(Video Above: Representative Roby (R-AL) on CNN’s “New Day” program with Chris Cuomo)
WASHINGTON — Alabama Congresswoman Martha Roby (R-AL2) appeared on CNN’s “New Day” program Wednesday to discuss and answer questions surrounding Democratic presidential candidate and former Secretary of State, Hillary Clinton. Clinton served as Secretary of State during the events surrounding the 2012 Terrorist Attack in Benghazi, Libya.
The Select Committee on Benghazi was formed by the House of Representatives in May 2014 after it had been revealed that the White House withheld documents from Congressional investigators in relation to the September 11, 2012 attacks. Clinton will be interviewed on Thursday by the Select Committee and asked questions pertaining to her position as Secretary of State during the Benghazi attacks and White House response.
“There are missing pieces; there are gaps, which is why the Select Committee was created in the first place,” Roby told CNN.
Roby pushed against the narrative that all questions about the September 11, 2012 had been asked and answered, combatting opinions that the Select Committee was just a political tool used to tarnish Clinton’s presidential campaign.
“Let’s talk about the many requests for diplomatic security that were ignored or turned down. That’s just one example of how we need to fill in these missing pieces.”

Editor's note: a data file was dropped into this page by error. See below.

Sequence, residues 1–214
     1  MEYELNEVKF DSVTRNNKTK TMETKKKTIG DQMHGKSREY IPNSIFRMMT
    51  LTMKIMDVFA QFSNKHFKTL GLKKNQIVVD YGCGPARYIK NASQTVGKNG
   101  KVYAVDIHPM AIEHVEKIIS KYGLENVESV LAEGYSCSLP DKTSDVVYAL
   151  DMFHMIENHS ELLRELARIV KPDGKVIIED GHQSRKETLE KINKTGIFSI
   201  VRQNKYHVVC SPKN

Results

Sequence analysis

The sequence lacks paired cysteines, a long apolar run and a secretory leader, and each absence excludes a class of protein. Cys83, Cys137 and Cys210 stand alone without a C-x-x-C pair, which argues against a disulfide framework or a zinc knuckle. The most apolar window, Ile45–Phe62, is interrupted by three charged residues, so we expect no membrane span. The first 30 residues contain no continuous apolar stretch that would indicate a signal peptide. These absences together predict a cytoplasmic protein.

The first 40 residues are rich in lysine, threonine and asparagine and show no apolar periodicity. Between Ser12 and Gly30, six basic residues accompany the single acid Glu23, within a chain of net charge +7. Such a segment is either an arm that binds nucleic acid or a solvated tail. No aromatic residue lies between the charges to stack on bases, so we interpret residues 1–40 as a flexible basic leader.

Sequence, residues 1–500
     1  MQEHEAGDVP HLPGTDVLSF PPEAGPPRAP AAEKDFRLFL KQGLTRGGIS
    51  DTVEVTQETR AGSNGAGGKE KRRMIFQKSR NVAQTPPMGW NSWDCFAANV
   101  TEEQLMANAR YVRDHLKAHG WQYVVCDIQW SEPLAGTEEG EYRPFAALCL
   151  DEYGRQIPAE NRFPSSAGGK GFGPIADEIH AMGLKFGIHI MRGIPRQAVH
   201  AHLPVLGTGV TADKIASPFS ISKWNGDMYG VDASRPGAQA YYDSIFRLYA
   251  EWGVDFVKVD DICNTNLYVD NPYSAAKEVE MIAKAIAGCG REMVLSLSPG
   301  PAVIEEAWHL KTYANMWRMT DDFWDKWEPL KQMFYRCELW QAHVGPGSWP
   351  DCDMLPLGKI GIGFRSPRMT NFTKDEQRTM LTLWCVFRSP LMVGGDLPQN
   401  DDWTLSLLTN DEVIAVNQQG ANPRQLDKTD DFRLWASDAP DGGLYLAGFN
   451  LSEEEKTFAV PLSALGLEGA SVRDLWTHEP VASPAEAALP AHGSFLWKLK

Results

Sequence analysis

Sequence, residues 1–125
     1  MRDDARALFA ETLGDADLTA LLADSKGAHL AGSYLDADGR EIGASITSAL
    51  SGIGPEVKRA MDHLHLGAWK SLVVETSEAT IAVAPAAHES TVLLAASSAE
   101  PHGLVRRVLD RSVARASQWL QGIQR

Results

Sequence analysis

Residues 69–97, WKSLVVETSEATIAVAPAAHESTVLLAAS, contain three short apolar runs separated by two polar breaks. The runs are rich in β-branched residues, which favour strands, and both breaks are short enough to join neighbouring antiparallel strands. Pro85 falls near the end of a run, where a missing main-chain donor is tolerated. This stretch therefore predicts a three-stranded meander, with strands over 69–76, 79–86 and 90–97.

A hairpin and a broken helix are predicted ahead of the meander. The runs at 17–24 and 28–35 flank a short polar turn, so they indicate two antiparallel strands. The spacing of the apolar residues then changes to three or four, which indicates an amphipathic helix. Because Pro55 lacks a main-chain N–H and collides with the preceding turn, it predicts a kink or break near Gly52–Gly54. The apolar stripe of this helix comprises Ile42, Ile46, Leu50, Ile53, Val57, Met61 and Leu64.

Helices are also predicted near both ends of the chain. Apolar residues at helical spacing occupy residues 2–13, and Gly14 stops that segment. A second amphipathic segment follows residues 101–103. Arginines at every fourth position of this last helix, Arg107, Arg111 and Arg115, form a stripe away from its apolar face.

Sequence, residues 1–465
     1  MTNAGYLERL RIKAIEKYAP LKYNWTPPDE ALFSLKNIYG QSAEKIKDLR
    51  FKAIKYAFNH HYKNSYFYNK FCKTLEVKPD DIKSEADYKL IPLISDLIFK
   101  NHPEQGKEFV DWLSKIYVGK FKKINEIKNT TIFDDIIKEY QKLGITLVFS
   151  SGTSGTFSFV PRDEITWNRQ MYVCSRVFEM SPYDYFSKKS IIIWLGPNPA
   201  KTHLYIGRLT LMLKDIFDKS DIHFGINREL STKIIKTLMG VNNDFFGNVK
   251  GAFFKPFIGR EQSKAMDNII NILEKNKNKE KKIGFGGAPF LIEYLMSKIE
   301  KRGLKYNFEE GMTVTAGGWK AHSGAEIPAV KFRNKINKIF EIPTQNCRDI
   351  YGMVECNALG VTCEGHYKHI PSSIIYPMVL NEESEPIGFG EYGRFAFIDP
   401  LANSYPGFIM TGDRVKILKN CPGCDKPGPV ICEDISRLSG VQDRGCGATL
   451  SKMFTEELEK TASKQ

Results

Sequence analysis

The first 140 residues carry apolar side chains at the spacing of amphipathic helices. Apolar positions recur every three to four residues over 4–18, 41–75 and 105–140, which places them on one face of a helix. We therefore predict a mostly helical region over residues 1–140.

Roby argued that the Select Committee’s investigation is not specifically targeting Clinton, but how it is about a much larger picture concerning anything to do with Benghazi.
“This isn’t solely about Secretary Clinton. She’s just one piece of a much larger investigation. We’ve interviewed over 50 witnesses.” Roby goes on to say that she thinks the Committee will have interviewed over 70 witnesses by the end of the investigation.
The Select Committee is scheduled to interview Clinton tomorrow beginning at 10:00 a.m. ET.
For live stream information, visit www.benghazi.house.gov .
In addition to the Select Committee on Benghazi, Representative Roby serves on the House Committee on Appropriations, the Subcommittee on Labor, Health and Human Services, and Related Agencies, the Subcommittee on Military Construction, Veterans Affairs and Related Agencies, and the Subcommittee on Commerce, Justice, Science, and Related Agencies.
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— John James (@john_james_20) August 19, 2015